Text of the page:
We noticed the first robin in our yard this year in early March. Normally these famous spring harbingers, who move in comically stilted hops across our front lawn, don’t show up until at least April Fool’s Day. Their earlier-than-usual arrival made me wonder how robins decide to begin a spring migration.
The American robin, with its celebrated rusty-red breast, is a short-distance migrant. These members of the thrush family – the brightly-hued eastern bluebird and the melodious hermit thrush are cousins – move based on a number of factors, mainly related to food supply and the weather.
The robin’s summer range extends north to Alaska and northern Canada. In winter its range shifts south, reaching through the southern United States and into Mexico. While many of the robins that breed in the northern reaches of this range do fly south for the winter, others stay in their breeding range, roosting in large groups – sometimes several thousand together – as long as there is ample food.
“We never used to see robins in winter,” said New Hampshire Audubon biologist Rebecca Suomala. “But beginning in 1997 we started to see numbers of them on New Hampshire Audubon’s annual Backyard Winter Bird Survey. Those numbers have increased over the years.”
The American robin. Illustration by Adelaide Tyrol.
While coastal and more southern areas of New England now typically see robins throughout the year, winter robins remain uncommon farther north. At our home in northern New Hampshire, robins disappear as the autumn days grow shorter and colder, returning each spring as our seasons shift from snow and ice to mud and emerging crocuses.
Migrating robins generally travel along the 37-degree isotherm, the geographic line where the average 24-hour temperature is 37 degrees Fahrenheit, until they reach an area with sufficient food and breeding habitat.
That temperature gauge provides thawing ground, which means earthworms – a robin’s preferred spring food – are resurfacing after a winter below the frost line. Robins will take a few hops along the ground, then cock their heads as if they’re listening. Really, they’re turning for a better view: robins hunt mainly by sight, and their white-rimmed eyes are located at the sides of their heads.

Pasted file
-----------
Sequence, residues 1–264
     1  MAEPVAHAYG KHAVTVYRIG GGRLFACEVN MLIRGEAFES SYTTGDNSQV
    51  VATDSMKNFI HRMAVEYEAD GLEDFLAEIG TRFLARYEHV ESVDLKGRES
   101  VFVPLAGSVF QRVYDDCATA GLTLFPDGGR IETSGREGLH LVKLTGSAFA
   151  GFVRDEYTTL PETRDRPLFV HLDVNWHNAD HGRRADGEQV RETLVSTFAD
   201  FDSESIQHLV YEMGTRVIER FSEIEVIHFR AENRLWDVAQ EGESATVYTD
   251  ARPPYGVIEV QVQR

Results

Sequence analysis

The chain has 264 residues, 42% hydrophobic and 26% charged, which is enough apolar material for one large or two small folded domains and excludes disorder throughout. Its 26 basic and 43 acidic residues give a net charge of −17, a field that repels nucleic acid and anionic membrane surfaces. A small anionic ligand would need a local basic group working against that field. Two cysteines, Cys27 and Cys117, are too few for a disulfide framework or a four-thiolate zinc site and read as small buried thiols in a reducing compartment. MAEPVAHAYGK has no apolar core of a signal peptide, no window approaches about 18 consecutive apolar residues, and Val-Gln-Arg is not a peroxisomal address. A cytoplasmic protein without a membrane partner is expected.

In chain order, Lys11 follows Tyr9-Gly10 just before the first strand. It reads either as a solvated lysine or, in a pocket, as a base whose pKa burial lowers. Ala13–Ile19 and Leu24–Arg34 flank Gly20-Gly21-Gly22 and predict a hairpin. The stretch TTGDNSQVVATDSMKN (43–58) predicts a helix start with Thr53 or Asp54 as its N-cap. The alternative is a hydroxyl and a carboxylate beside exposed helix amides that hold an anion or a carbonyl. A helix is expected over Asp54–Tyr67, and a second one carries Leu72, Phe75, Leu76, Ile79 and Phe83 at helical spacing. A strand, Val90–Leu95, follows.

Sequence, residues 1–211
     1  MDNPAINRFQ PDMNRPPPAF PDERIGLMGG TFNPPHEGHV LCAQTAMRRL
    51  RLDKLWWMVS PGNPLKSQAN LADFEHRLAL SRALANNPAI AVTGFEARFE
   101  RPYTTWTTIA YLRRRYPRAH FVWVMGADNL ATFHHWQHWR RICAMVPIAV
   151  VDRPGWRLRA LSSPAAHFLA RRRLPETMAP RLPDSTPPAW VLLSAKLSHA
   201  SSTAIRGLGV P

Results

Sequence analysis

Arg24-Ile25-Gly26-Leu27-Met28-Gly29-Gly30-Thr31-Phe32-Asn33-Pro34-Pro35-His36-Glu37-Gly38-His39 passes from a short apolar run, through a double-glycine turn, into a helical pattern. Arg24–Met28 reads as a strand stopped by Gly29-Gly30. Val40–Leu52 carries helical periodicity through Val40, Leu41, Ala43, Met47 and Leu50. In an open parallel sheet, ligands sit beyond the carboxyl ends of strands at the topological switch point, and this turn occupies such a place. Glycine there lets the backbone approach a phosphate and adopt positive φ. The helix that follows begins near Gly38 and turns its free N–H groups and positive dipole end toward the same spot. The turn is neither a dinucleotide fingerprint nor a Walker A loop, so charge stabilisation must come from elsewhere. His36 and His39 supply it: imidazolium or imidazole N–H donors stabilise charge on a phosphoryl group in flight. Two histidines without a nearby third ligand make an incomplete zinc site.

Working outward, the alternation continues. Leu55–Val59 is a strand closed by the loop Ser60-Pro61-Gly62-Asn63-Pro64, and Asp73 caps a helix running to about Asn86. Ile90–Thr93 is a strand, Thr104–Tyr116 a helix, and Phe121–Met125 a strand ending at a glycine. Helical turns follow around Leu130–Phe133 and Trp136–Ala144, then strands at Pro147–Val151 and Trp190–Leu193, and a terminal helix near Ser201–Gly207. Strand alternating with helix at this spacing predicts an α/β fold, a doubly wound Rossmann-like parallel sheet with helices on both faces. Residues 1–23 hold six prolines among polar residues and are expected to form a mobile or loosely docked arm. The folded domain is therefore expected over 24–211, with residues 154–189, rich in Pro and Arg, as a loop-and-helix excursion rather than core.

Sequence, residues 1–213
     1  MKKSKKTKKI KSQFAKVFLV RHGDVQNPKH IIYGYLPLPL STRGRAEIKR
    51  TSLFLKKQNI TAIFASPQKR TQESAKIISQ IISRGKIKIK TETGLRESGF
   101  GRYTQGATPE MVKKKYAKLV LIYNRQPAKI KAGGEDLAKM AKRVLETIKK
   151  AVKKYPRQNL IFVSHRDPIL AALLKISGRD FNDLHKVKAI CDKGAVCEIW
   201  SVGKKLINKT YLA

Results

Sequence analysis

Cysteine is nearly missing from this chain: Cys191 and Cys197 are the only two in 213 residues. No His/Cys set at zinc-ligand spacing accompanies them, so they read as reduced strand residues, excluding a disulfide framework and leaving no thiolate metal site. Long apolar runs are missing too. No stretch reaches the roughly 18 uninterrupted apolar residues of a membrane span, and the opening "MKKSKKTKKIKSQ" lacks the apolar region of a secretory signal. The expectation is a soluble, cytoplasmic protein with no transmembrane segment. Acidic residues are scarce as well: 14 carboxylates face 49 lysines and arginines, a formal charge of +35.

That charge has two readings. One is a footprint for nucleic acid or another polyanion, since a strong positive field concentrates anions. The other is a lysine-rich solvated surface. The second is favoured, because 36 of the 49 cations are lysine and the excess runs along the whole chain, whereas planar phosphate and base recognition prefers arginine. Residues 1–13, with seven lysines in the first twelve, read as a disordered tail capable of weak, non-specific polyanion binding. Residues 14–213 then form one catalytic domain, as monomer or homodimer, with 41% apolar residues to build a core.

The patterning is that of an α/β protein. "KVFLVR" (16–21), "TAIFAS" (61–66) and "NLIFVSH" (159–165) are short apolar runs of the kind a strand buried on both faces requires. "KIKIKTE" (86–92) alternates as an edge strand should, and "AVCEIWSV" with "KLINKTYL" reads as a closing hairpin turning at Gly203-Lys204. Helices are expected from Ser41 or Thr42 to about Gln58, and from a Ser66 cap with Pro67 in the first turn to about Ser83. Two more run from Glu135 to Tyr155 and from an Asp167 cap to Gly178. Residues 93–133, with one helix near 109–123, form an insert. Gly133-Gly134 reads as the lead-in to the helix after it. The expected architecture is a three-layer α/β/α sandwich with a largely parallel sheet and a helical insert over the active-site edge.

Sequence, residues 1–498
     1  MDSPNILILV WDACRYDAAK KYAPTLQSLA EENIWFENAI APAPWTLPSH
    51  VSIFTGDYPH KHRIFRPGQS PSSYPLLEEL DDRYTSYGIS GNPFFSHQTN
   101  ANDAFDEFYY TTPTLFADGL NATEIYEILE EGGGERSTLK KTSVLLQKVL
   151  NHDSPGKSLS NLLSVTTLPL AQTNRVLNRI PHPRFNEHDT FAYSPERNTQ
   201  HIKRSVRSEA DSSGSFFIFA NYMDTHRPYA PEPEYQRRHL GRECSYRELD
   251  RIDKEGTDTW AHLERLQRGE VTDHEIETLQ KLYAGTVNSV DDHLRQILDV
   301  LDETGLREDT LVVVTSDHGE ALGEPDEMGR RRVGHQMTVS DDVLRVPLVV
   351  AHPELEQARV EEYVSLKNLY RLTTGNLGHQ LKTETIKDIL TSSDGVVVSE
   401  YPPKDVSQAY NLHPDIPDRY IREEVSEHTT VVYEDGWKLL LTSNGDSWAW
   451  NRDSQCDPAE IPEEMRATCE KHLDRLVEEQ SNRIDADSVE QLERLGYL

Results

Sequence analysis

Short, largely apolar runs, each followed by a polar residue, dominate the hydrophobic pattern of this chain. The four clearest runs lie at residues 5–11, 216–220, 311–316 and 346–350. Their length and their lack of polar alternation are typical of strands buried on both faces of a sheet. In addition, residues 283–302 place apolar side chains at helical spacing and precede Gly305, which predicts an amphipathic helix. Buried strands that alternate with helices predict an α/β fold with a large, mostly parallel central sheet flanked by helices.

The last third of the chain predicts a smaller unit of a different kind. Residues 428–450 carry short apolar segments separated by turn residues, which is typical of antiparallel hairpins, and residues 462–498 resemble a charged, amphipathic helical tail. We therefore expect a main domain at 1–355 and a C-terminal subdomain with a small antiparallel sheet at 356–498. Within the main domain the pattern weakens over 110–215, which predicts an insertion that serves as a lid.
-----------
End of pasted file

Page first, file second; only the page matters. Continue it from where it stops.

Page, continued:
Of course, as anyone who lives in northern New England knows, a warm spell in March doesn’t mean the weather can’t – and won’t – return to wintery. So, what do robins do when the worms retreat? They make like other birds and eat last year’s gleanings.
“This time of year they will often congregate at sumac, fruit trees, and bushes that still have berries or crabapples on them,” said Suomala, adding that milder winters and more humans planting fruit-bearing trees and shrubs in their yards may account for the increase in winter robin sightings. In general, Robins aren’t too picky about what’s on the menu. They’re omnivorous, finding nourishment in fruits and berries; caterpillars, grasshoppers, and other insects; even snails and small reptiles and amphibians.
We know the robins are here to stay when we hear male robins’ cheerful spring song: cheerily, cheer-up, cheer-up, cheerily, cheer-up. That song indicates they are striving to attract females, who will set about building nests for the first of two or three broods to be raised through the summer.
Normally, robins build their nests – cup-shaped frames of sticks and moss reinforced with mud, lined in dry grass, and sized to hold three to five blue eggs – in the lower reaches of trees, but they’ll use house eaves and gutters or outdoor light fixtures as nesting sites, too. One year a robin built her nest atop our woodpile by the back door.
I was a bit broody myself that spring, anticipating the arrival of our first child, so I watched the nest carefully, feeling some cross-species kinship with the protective mother. She stayed with the eggs nearly constantly until three ungainly baby birds hatched, all featherless heads and gaping yellow beaks. Fed by both robin parents, the babies quickly outgrew the nest and ventured onto the nearby stacked logs.
Then it was learn-to-fly day, with lessons taking place at the front of the house. Mother robin perched atop an old granite gate post that marks the entrance to our perennial flower bed and screeched at her babies. I imagined she was yelling instructions to them: “Flap your wings! Harder! You can’t live in the nest forever!”
We saw the adolescent robins hopping around the yard for a few days, and then they were gone. Our woodpile robins did not return to their nesting spot by the back door. Perhaps those baby birds, now grown, are among the group of robins that congregates in the front yard each spring, standing tall with long tails and cocked heads, watching the greening grass carefully for breakfast.
This week’s Outside Story feature was written by Meghan McCarthy McPhaul who lives in Franconia, New Hampshire. The illustration for this column was drawn by Adelaide Tyrol. The Outside Story is assigned and edited by Northern Woodlands magazine and sponsored by the Wellborn Ecology Fund of the New Hampshire Charitable Foundation.